Business Plans – Are They Worth It?

I’m not a big fan of business plans, but apparently that’s not always been the case. In my Google Drive there is a folder called “Business Plans”. Inquisitively I clicked on the folder to see what it contained.

Business Plans

My last modification was on April 10, 2008 (6 years ago). None of the five businesses listed are still in existence and only two of them ever made money. I thought it’d be fun to open them up to see what I wrote.

Able Trainers

The idea was to create courses on basic computers, the Internet, and Microsoft Office applications. Our target market was “small businesses and suburban schools.” Phonebooks. Business cards. Paper flyers.

Comp LubeComp Lube

This business plan contains a logo and the words, “Sustainable computer repair.” I’m not sure what that means. I ended up giving the rights to this company to a former employee, who never used those rights.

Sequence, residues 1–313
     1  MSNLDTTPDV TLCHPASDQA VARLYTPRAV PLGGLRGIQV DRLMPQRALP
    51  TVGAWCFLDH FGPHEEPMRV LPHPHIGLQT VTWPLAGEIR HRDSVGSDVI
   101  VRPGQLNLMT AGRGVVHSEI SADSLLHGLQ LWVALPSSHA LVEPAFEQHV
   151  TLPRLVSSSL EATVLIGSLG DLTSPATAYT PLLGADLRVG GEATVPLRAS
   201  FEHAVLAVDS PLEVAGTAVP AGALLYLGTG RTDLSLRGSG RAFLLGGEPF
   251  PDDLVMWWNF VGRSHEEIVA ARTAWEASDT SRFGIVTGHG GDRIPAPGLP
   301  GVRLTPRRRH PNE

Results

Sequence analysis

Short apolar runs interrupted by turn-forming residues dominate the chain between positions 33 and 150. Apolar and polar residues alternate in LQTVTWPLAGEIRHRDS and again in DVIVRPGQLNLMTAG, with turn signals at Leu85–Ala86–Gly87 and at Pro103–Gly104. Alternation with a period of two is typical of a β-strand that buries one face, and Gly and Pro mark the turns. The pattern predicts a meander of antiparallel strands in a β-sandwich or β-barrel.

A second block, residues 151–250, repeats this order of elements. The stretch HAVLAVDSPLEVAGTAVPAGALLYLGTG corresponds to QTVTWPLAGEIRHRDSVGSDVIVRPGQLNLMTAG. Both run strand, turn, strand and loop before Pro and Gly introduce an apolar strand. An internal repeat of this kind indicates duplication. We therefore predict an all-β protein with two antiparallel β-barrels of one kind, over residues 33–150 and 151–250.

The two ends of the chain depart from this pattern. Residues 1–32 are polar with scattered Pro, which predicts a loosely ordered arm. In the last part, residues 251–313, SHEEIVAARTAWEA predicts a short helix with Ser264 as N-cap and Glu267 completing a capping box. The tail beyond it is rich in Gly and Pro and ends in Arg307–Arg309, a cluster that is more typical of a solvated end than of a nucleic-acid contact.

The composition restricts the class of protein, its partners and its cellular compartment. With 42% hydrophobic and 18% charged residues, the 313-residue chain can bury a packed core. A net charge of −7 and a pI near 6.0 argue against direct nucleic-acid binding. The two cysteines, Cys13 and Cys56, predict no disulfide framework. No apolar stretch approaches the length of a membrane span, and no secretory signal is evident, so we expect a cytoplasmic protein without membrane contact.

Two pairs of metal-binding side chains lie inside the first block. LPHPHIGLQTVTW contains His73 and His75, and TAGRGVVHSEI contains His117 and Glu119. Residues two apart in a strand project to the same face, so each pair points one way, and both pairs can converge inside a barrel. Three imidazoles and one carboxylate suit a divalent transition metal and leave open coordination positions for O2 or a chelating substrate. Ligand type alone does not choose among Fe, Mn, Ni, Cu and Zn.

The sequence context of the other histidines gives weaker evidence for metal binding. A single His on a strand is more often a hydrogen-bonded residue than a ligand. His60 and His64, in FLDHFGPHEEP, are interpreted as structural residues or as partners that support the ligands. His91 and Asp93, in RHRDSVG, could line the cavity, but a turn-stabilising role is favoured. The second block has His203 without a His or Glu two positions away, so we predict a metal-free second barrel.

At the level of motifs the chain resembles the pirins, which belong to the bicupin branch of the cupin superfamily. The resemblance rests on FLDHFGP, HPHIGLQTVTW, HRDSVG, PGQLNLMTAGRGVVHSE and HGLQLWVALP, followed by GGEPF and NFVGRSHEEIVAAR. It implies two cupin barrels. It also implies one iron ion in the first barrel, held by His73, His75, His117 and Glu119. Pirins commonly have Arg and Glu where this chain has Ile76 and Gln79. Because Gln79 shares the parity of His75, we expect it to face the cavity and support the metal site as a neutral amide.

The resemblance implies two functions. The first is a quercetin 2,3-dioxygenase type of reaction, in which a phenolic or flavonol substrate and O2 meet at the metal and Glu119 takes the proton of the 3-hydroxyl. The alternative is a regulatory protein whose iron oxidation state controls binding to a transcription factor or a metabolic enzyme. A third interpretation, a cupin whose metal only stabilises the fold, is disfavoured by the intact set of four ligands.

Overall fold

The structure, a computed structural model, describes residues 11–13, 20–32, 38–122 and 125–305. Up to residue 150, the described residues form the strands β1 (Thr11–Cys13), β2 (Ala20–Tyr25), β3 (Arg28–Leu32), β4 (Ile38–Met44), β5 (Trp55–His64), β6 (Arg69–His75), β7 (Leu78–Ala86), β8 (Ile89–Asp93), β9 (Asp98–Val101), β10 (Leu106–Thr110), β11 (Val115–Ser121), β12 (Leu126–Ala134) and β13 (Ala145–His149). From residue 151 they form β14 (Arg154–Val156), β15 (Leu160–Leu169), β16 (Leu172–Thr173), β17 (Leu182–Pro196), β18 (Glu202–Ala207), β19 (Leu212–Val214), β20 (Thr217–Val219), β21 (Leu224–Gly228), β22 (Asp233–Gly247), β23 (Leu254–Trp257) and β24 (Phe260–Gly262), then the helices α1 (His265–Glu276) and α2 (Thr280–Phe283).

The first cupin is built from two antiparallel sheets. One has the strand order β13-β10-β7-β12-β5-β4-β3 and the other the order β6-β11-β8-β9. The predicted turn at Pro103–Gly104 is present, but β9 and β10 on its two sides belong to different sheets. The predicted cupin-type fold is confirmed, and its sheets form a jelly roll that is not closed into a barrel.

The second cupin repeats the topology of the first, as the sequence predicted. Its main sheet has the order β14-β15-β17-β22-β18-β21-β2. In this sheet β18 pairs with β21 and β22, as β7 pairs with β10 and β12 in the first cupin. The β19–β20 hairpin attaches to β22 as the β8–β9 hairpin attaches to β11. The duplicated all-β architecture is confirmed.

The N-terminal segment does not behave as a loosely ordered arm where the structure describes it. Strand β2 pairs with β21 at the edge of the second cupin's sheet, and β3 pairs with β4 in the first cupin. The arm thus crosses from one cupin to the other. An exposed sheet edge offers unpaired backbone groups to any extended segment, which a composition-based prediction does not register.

This plan is 9 pages long, 2,250 words. The objective was, “User-friendly, professional, sites with personality based on customer needs and desires. Generate Profit. Grow at a challenging and manageable rate.”

Turn FilmTurn Film

Like Comp Lube, this plan is nothing more than a logo and the words, “Film editing and conversions.” At least it actually described what it did. The idea was a “VHS to DVD” service, which dates it pretty well.


Watershawl was a “new media company specializing in computer services and design.” That’s pretty much true to what it was. I did a lot of web design and IT work, but what I loved doing was process management.

Are Business Plans Useful?

Planning is useful, but I’m not so sure the actual document is useful. It can be used as a way to flesh out ideas, but it doesn’t have to be a long document. One page should be enough to state what you’re doing, how you’ll make money, and who your target audience is.

A business plan is usually all made up numbers, but it’s easy to feel like you’re building your business by writing a business plan instead of actually trying to Sell First. Customer development is one way to figure out whether or not someone will buy what you are selling.

I’ve spent the last year and a half helping one of my customers develop a business plan while another customer has already sold tens of thousands of products. Not all companies can be bootstrapped I realize, but the sooner you can validate your idea, the better.